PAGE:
August 22nd, 2008


I came so far for beauty

2000 kilometers -- on relentless autobahns and autostrade, up and down mountains, your Renault Clio being rudely rammed by a truck -- is too much to drive to see some art. But what great art (and what great atmospheres in what great buildings) Manifesta 7 gave us!

Stuck behind Beefheart

There's a two-tier, a twin-track system: the stress you feel on the highway, when a single lapse in concentration could kill, and the ease you're supposed to feel at your destination. In the car you must be sober, adult, responsible, tense, manly. When you get out you can be childish, irresponsible, silly, playful, spontaneous, original. Nobody likes a spontaneous, original driver. Nobody wants to drive behind Captain Beefheart ("How original, Captain, no lights at night!").

Ex Cathedra

After the excruciatingly long drive, to enter Ex-Alumix -- a disused aluminium smelting plant in Bolzano, something like a cross between Tate Modern and the Palais de Tokyo -- is a lift and a rush. Suddenly all's right with the world. This is what it's all about! This is interesting, and intelligent, and sane, and controlled, and just. It's better than drugs or champagne. The space is huge and lit from high windows. Cranes and pulleys still hang from the ceiling. It has the dimensions of a cathedral and a railway station, and gives you the feeling of uplift and onrush. It's better than that monstrous construction, the cantilevered road blasting across the high mountain pass. The light in this building is beautiful. Who'd have thought that industrial spaces could die and go to heaven in quite this way? That they would have this kind of afterlife?

Games for adults

The curators have laid out toys and sociological studies, surprises. A sort of climbing frame to clamber up, a Swedish pirate bus, an audio installation in the cellar, a diseased Russian doll, some Indian ladies working, some black helium balloons that lift you up into the sky, some phonograph records next to videos of rotating old ladies' heads, a book of inexistent flora, a man walking on the ice in front of an ice breaker, piece after piece rewards your attention with some sliver of poetry.

Clio rammed by a truck

Do you want to hear about my collision with the truck? The exit from the B12 to Innsbruck West was being worked on. It was narrowed. The truck in front of me didn't know this, and sped towards it, saw the dimensions, then slammed on the brakes so hard the linings burned. I stopped in time, but without looking behind the truck driver threw his monster into reverse and hit me, pushing me back into the stream of the highway. I blared my horn, but he never heard, and made off before we could exchange insults and insurers. My car's nose was put out of joint; later the Clio grille flew up and over the windscreen like a stray flip flop.

Binaries on a mountain

At the police station in Innsbruck there's a picture on the wall: a young, chic Austrian woman stands on a mountainside beside an old rural man in lederhosen. This picture -- I had time to speculate, as the broad-skulled policeman tapped out the traffic accident report -- combined an amazing number of binaries: old / young, rural / urban, short / tall, male / female, traditional / modern, poor / rich, old / young, ugly / pretty, functional / decorative, agricultural / consumerist. You seize all this in a second or two, and laugh. It's about Austria.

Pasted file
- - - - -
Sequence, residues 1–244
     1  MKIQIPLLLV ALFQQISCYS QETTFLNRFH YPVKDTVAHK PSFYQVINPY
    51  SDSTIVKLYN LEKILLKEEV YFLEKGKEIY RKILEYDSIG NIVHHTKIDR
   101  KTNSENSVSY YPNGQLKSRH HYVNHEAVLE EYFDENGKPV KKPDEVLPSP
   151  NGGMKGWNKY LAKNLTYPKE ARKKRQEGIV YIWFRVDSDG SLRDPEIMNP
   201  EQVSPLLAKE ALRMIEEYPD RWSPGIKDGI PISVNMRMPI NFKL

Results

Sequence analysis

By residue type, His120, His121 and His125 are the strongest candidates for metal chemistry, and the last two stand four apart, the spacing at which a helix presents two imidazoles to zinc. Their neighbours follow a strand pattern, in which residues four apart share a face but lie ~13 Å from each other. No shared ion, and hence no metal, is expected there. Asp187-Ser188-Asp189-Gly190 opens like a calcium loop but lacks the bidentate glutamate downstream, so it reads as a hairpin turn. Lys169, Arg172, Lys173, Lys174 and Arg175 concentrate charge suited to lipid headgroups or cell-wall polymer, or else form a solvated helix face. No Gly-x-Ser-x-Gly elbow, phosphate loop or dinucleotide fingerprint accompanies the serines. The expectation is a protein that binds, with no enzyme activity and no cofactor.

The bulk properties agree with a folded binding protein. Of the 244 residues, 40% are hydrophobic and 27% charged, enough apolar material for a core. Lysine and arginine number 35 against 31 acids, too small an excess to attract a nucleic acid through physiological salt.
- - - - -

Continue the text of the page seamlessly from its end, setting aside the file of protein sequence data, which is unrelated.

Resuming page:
Futurism led to roads and buildings

Curator Adam Budak mentions that some of the Futurists were raised in these South Tyrolian valleys. I can see how the spirit of Futurism informs the anti-humanist clamour of the autostrada, and even the rude fist gestures Italian drivers make (when you push out into their traffic flow and falter rather than forcing your pace on its pace). Of the four northern Italian towns involved in Manifesta, we skip Fortezza because the place is too small to have its own autostrada exit (Marinetti would have approved). It's also clear that the Futurists helped pave the way for Italian fascism, never far away in the architecture here. Deco is never innocent in Italy -- it's always, possibly, on the side of Il Duce. So there's something creepy about Trento's Palazzo delle Poste, no matter how wonderfully bureaucratic are its corridors, how monastic its fountain-equipped courtyard.

Pleasant plethora

I want to film and photograph everything. There's so little time -- just a day to visit four towns and walk through so many installations -- and so much work. In Trento there are mini-museums within the Palazzo: the Museum of European Normality, the Museum of the Stealing of Souls, the Museum of Personality Testing.

Storied Centre

We have to expand our definition of the centro storico -- the storied city centre, the historical tourist district. Towns must now include their gigantic former working spaces -- their 20th century refurbished industrial ruins -- as part of the centro storico. The story must now include hammering, smelting, packaging and posting. (Written with the Thinking Allowed suburbs special in mind.)

Does art improve you?

I ask Joe and Emma whether they think art improves them. Not morally or ethically, but in terms of making them more creative, perhaps. They say yes. They'll make better songs after looking at art. They'll be enriched by it, be able to imagine better, relate better. I ask them if any of their friends hate art. No, they answer, but some fail to pay much attention to it at openings, preferring to give their attention to friends. That's understandable, I say.

(Full-size images on Flickr. Vernissage TV continues its coverage of Manifesta 7 here.)